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									Affect control theory (hereafter ACT)
offers a dynamic model of social
action that focuses on how people’s
attitudes toward identities,
behaviors, social settings, and
emotions (i.e., the key aspects of
social interaction) inform the actions
that individuals take toward one
another.
What’s the first thing that you have to do when
            you walk into a room?

  You have to figure out who you
  are…
    Symbolic interaction
    Impression formation
    Impression management
    Cognitive dissonance
    Culture
         Core Ideas of ACT

Discerning a social event changes individuals'
feelings about the elements in the event through a
process of impression formation.
Impressions of individuals translate into
expectations about the emotions that the
individuals should be feeling.
Individuals construct events to confirm or restore
their feelings about the cultural elements that are
salient in the situation.
Social roles emerge as individuals construct events
to confirm their salient social identities in the
situation.
Interpersonal interactions are reduced to
symbolism and general attitudes, and molded
accordingly.
                 EPA Sentiments

     The interaction between identities, emotions,
     behaviors, and settings can be reliably understood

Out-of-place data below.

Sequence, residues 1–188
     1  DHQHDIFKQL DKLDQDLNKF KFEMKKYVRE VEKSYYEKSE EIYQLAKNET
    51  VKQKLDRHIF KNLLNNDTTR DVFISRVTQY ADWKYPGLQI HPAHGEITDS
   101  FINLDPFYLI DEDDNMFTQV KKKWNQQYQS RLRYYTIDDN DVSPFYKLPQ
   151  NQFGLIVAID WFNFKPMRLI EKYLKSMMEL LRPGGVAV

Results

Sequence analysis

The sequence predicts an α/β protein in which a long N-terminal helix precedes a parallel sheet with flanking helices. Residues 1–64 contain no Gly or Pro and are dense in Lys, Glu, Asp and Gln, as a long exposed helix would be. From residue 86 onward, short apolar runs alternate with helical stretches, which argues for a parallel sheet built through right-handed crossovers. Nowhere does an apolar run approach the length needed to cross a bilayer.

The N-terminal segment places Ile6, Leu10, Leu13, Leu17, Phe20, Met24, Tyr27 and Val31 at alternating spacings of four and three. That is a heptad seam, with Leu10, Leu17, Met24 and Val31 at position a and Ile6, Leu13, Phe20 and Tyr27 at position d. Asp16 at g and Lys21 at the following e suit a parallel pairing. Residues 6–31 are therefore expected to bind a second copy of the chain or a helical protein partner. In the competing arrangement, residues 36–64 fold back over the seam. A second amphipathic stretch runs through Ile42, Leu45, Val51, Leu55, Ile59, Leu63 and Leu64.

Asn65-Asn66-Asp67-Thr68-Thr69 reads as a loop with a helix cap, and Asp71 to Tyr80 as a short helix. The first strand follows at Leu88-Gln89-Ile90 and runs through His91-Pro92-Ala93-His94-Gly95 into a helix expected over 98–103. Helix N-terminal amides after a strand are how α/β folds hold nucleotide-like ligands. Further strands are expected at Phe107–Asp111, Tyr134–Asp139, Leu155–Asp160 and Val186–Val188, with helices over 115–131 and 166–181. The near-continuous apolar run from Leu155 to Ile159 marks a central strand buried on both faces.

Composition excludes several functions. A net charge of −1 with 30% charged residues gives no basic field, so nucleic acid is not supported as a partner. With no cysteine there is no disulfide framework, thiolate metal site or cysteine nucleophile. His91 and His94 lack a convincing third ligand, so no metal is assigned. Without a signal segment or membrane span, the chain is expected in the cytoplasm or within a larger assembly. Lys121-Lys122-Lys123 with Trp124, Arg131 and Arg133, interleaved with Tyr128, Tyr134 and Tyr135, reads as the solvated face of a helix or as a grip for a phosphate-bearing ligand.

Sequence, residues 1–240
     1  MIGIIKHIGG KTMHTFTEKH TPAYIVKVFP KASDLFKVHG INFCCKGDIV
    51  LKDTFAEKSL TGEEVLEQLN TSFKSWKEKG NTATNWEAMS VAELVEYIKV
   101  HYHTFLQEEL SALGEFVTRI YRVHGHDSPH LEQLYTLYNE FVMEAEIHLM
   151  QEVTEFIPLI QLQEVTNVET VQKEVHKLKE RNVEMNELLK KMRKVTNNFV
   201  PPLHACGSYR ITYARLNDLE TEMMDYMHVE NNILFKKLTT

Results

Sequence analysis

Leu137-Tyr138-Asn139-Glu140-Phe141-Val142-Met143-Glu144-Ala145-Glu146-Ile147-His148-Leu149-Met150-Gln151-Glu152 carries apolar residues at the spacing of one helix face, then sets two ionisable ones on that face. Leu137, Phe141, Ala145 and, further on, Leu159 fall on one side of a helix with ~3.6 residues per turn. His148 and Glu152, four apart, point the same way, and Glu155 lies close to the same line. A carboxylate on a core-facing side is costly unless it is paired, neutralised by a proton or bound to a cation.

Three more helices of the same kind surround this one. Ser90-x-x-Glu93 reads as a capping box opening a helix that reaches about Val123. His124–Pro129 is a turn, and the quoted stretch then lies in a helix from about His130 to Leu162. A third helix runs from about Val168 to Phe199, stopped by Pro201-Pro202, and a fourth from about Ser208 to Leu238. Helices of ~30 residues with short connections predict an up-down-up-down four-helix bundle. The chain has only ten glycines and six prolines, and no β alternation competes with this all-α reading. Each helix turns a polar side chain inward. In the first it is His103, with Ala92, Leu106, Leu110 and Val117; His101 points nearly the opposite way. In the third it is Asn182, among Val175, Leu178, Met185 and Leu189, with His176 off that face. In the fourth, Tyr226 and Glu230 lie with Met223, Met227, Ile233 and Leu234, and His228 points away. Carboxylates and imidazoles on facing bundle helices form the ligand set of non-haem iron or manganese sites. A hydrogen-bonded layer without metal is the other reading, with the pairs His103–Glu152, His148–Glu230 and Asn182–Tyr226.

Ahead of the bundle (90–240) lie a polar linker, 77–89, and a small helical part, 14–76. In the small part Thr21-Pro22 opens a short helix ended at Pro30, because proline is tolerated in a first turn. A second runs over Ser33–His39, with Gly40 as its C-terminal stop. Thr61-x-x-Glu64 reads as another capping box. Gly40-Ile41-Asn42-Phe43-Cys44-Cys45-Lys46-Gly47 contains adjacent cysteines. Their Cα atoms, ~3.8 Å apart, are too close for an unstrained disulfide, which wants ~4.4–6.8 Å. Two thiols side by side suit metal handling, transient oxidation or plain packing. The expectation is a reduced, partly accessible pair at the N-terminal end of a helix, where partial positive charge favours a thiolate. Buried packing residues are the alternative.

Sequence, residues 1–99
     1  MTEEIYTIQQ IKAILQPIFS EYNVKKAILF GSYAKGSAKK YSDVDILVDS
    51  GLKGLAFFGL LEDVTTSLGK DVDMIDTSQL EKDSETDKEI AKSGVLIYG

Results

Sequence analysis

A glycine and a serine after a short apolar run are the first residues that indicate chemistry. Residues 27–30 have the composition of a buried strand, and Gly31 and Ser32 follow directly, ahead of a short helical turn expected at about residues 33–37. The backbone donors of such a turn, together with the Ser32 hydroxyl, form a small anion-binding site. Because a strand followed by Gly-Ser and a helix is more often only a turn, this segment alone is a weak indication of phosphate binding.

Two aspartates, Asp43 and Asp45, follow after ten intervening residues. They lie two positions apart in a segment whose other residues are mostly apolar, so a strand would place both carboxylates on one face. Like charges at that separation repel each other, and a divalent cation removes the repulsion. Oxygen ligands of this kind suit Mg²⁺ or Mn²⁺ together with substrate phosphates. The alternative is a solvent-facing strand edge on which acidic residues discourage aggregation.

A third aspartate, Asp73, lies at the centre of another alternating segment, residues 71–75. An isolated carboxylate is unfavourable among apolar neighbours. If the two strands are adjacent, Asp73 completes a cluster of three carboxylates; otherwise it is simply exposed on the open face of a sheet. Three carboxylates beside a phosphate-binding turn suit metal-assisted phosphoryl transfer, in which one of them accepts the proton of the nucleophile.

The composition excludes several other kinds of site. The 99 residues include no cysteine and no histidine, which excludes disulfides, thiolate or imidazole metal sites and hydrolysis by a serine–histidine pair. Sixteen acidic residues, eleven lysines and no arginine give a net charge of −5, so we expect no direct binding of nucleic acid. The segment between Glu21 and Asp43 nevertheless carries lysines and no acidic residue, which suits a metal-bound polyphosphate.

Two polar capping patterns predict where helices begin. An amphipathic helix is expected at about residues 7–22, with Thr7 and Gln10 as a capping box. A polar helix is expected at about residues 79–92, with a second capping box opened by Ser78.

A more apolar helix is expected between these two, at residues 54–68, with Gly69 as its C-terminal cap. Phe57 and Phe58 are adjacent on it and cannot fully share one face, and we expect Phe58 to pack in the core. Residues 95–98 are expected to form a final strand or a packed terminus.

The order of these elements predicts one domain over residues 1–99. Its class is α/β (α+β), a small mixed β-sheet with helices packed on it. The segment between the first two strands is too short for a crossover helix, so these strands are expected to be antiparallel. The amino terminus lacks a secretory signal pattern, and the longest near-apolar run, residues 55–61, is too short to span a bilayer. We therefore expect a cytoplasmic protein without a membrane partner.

and predicted on the basis of three dimensions:

                        Evaluation
bad, awful                                    good, nice

-4
                         Potency                      +4

little, weak                                  big, strong

-4                       Activity                     +4
inactive, slow                                active, fast


-4                                                    +4
EPA Sentiments: Airline Pilot

For example, males in our culture give
airline pilots the following ratings: 1.38
1.74 0.62.
Females in our culture give the following
ratings of airline pilots: 1.33 1.71 0.47.
Both males and females feel that airline
pilots are somewhat good, somewhat
strong and neither active nor inactive.
Finding out who we are when we walk
             into a room

Imagine that sentiments are floating
around the room we’re in. Good things are
near the front wall. Bad near the back.
Strong things are near the ceiling. Weak
near the floor. Active things are on the
right. Inactive things are on the left.
Now, where would you “look” for an airline
pilot? For a doctor? A child? A gangster?
GOOD
Re-interpretation & Re-identification


What happens if the airline pilot isn’t
where you look for him/her?
  Processes of re-interpretation and re-
  defining begin and actions, feelings and
  behaviors follow.
    An alternative example: How differently
    would you think about your boss if he/she
    didn’t seem to care about your exceptional
    work efforts?
Diagram of Interpersonal Relations
      Re-interpretation: Employee and
                 Employer

1.   The employee perceives that the
     employer is a giver of wages and is
     positively disposed toward him/her.
2.   The employer ignores the employee,
     whereupon the employee re-identifies the
     employer as a "stuffed shirt."
3.   The employee continues the work, but